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The DoD Non-Lethal Weapons Program develops and fields Intermediate Force Capabilities between presence and lethal effects in support of the Joint Force.

Transform the National Security Enterprise by mainstreaming the planning and employment of Intermediate Force Capabilities to arm the Joint Force with the fullest range of capabilities in support of National Security objectives.


The Department of Defense Non-Lethal Weapons Program stimulates and coordinates non-lethal weapons requirements of the U.S. Armed Services and allocates resources to help meet these requirements. The Commandant of the Marine Corps serves as the Department of Defense Non-Lethal Weapons Executive Agent.

Located at Marine Corps Base Quantico, Va., the Joint Intermediate Force Capabilities Office serves as the Department of Defense Non-Lethal Weapons Program Executive Agent's day-to-day management office.

The U.S. Armed Services work with the combatant commanders and the executive agent through a joint process to identify requirements and coordinate the planning, programming and funding of non-lethal weapons research, development and acquisition. Within the Department of Defense Non-Lethal Weapons Program, the Joint Intermediate Force Capabilities Office and the Services fund science and technology, research and development, as well as test and evaluation for non-lethal weapons.

Recent Articles

Oct. 11, 2022

New approach at West Point has cadets attacking future war problems

Wrestling with legal questions on how to use high-energy lasers to strike low-orbiting satellites. Designing and testing a hypersonic rocket test vehicle to cross the 100 kilometer line. These are key future warfare problems that need solutions. But it is not colonels or generals in the Pentagon or some underground research facility doing the work; it’s cadets at the U.S. Military Academy at West Point piecing the puzzle together. The above scenarios, involving Cadets Ashley Clegg and McKenzie Arns on lasers and law and Cadet Josiah Gibson on hypersonics, are only a sample of a list of complex work that cadets now undertake at the Army’s premiere university.

Oct. 5, 2022

Civilian Casualties, Accountability, and Prevention Session 18 of the Congressional Study Group

On January 14, 2022, the Congressional Study Group on Foreign Relations and National Security convened over Zoom to discuss the issue of accountability for—and prevention of—civilian casualties resulting from U.S. military operations. In the months prior to the study group session, there had been a number of disturbing media reports relating to such civilian casualties, including a report that one elite unit may have knowingly or deliberately targeted civilians during operations in Syria. This session examined the scope of this problem and the legal strategies that Congress and others might pursue to address it.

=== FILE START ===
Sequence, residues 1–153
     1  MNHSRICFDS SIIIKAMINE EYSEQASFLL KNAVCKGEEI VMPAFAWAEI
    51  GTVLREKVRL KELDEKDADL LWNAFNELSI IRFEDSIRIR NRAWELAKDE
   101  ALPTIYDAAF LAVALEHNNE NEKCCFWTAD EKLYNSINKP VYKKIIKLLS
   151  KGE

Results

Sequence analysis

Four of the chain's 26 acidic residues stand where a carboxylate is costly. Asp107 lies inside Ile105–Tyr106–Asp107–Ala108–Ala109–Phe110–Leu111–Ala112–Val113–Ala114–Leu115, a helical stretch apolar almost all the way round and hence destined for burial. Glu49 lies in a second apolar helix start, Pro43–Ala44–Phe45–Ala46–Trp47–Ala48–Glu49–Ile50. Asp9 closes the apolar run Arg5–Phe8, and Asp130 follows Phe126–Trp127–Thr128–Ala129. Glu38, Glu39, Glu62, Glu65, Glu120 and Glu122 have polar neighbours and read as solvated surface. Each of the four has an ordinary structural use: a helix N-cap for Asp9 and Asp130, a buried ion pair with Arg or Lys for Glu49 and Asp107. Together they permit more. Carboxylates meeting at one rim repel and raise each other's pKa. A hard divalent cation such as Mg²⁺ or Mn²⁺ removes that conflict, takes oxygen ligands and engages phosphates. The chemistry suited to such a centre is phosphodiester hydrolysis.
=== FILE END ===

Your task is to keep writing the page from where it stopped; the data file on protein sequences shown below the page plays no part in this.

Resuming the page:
Oct. 3, 2022

Hoosier Guardsmen depart Indiana for Kosovo deployment

Approximately 300 Indiana National Guardsmen with the 38th Infantry Division's 76th Infantry Brigade Combat Team, headquartered in Lawrence, said goodbye to family, friends and peers during a ceremony at Camp Atterbury, Friday. The Hoosier soldiers deployed as Task Force Nighthawk and will be led by Col. Chris Mabis, from Columbus, and his senior enlisted leader, Command Sgt. Maj. Joshua Brown, from Greenwood.

Sept. 27, 2022

Japanese Security Guards train with OC spray

Okinawa's base installations are guarded 24 hours a day, 7 days a week by Japanese Security Guards and Provost Marshal’s Office personnel. They have a variety of tools to help with base safety, one of which is oleoresin capsicum spray. OC spray response training is mandated annually while serving in a law enforcement capacity on base.

Sept. 26, 2022

Directed energy weapon system points toward the future of warfare

No, the Army is not building the Death Star. Contrary to what is in the movies, directed energy does not emit a large red laser, nor does it make a loud noise, and if done right, the target will simply fall out of the sky, not explode in brilliant shards of light, set to a John Williams score. But that is not to say that directed energy is not making remarkable strides in record time. Take Directed Energy Maneuver-Short Range Air Defense, or DE M-SHORAD. The U.S. Army Combat Capabilities Development Command Aviation & Missile Center, the U.S. Army Space and Missile Defense Command and the Rapid Capabilities and Critical Technologies Office have joined with industry partners to build the next generation laser weapon. And they did it in less than three years.

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